For anyone who has ever pondered the finer points of a sweep or has spent countless hours perfecting their finger tapping or has taken college-level calculus for the sole purpose of improving their ability to play in complex time signatures, Emo’s was the place to be on Monday night. Maps & Atlases headlined a shoe-gaze pop sandwich on math-rock bread.
The night began with a line much bigger than anything a band with as much dedication to the arithmetic of music as Maps & Atlases should ever be able to garner. The band has tempered its mathy freak-outs with melodies as accessible and memorable as the Pythagorean theorem. The result is something like having your brain smashed to pieces, then strung back together with Bubblicious. Comparisons to bands like the Don Caballero are inevitable, but after listening to a song like “You and Me and the Mountain,” it’s easy to see why Maps & Atlases are another animal entirely.
The Globes opened the night with a set of slightly techie indie rock that wouldn’t sound out of place on a Foals record. The thing about these technically driven bands is that they don’t do much in the way of a stage show, presumably because 100 percent of their energy is being poured into their fingers, which are flying all over their fretboards, and their forearms, which are hammering complex rhythms.
The Globes is one of the tamer tech-rock bands. They’re music sounds like it was not created to impress, only to entertain. It just so happens that their riffs and rhythms do make you open your mouth a little, raise your eyebrows and say “Wow.” The harmonizing vocal attack of Kyle Musselwhite and Erik Walters worked well enough but the vocals were too breathy. It sounded like the band had spent all their time creating original, forward-thinking music and when it came time to think about vocals, the band had run out of ideas and decided to go with the typical ethereal singing.
|Cults at Emo’s|
Cults, who performed in the middle slot, were the odd duck of the night. No finger tapping. No head spinning finger acrobatics. Not even a time change to speak of. What the Cults brought to the table was a doo-wop sort of vintage pop that would not have sounded out of place at the Enchantment Under the Sea Dance (50 points if you get the reference (200 points gets you a ride in my Delorean).
The band’s set consisted of a lot of 3/4 pop jams. Madeline Follin did her best soul singer impression as she wailed over the crisp musical palette her bandmates laid out for her. Cults were an entertaining and interesting teaser before the marquee act. Maps and Atlases opened their set with two songs from Perch Patchwork, the band’s latest album and first full-length. “Ted Zancha,” the closing song from their EP, You and Me and the Mountain, was the first non-Perch song the band played. The song, in so many ways, is the close to a chapter in the band’s existence. While their first two EPs, Tree, Swallows, Houses and Mountain, showcased the band’s technical flair while hinting at their melodic potential, their latest flipped that equation. Not to mention the EPs were released on Sargent House, home to such furious fretboard phenoms as Russian Circles and Fang Island, while the full-length came out via Barsuk, the label that inadvertently sold a million thick frame glasses and knit sweaters when they released Death Cab for Cutie’s indie-rock touchstone, Transatlanticism.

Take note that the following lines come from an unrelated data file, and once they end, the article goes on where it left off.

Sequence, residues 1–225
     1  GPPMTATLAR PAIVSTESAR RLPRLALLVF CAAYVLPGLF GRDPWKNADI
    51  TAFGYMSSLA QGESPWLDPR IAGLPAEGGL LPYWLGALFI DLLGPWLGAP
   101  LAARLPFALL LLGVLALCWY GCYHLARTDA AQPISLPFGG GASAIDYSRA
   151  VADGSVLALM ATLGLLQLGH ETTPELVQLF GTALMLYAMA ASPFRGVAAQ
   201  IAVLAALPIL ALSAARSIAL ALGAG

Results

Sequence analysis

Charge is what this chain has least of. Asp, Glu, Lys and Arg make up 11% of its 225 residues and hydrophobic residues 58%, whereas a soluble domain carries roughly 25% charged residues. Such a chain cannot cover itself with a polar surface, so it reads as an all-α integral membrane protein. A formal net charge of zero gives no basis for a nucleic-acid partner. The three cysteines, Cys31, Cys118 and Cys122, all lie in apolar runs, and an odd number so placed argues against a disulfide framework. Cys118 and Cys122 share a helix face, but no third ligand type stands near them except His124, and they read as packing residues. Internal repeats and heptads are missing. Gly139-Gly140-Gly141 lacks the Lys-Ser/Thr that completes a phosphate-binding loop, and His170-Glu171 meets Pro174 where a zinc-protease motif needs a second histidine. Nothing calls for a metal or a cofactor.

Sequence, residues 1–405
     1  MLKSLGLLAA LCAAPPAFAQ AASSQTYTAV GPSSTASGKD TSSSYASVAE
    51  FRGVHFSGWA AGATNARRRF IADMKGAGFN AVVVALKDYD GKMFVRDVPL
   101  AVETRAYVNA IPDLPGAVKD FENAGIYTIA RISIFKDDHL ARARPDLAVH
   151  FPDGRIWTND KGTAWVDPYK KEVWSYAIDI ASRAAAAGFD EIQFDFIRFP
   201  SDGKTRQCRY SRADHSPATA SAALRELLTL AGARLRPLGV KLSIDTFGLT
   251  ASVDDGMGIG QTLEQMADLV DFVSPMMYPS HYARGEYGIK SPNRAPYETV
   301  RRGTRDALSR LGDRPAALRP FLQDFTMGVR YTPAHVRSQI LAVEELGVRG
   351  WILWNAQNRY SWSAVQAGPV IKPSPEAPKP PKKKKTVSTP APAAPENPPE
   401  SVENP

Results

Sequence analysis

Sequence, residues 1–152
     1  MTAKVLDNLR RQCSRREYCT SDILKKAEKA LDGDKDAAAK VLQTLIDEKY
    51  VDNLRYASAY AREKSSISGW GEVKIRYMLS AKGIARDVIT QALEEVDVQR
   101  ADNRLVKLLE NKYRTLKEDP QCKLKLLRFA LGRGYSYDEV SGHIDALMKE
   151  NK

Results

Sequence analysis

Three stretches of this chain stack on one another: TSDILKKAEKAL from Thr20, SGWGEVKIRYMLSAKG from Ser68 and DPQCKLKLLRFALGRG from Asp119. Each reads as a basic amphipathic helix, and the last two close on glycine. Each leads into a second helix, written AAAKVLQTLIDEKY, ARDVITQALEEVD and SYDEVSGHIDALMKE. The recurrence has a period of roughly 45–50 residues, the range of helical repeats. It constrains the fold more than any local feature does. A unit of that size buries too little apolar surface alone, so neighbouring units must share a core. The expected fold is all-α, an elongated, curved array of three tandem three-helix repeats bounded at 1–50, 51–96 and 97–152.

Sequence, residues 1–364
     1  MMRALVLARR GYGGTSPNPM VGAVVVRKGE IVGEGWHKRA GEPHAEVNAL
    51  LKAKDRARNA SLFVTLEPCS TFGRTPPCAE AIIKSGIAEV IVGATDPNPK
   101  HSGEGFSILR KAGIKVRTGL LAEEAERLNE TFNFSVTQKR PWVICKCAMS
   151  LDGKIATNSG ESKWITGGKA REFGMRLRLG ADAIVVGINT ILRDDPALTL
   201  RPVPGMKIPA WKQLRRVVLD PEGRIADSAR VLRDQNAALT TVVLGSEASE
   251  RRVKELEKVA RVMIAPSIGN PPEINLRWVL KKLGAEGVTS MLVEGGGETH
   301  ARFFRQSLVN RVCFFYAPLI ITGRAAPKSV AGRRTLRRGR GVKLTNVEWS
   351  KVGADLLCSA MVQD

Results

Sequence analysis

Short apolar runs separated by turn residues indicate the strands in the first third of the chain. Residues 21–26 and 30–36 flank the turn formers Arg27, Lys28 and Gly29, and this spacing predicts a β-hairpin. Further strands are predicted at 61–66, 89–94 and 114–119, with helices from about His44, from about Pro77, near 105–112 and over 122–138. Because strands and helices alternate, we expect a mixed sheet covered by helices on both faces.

|Maps & Atlases at Emo’s|
The band’s set was heavy on new material, which I have yet to actually buy. I’ve only had a few listens to my friend’s copy, but the music still sounded great. “Israeli Caves” became one of my favorite songs when I first heard it on their MySpace. “Witch” is one of the catchiest, most infectious songs about divination that I have ever been privileged to listen to. The band played the entire Mountain EP and “Every Place is a House,” from Tree, Swallows, Houses. The band did not play an encore but they shocked fans in a completely different way when they played “Glamorous Glowing” from Dave Davison’s solo project Cast Spells. The band’s sound translated beautifully into the crowded inside room at Emo’s. People were either trying to pick their jaw up from the floor or spazzing out to the stop/start rhythm of songs like “Every Place is a House.” The experience was beautiful and while it’s refreshing to hear the band continue to evolve, it’s also nice just to be able to go to their shows and flop around in a herky-jerky motion for an hour.
The fifth member of the band, Davison’s beard, which I will call Earl, was epic and unruly as always. Earl nailed all his beard solos, slept with three groupies after the show and threw a television from the 20th story of the band’s hotel later that night.
Maps & Atlases, The Globes and Cults performed at Emo’s in Austin on July 26, 2010.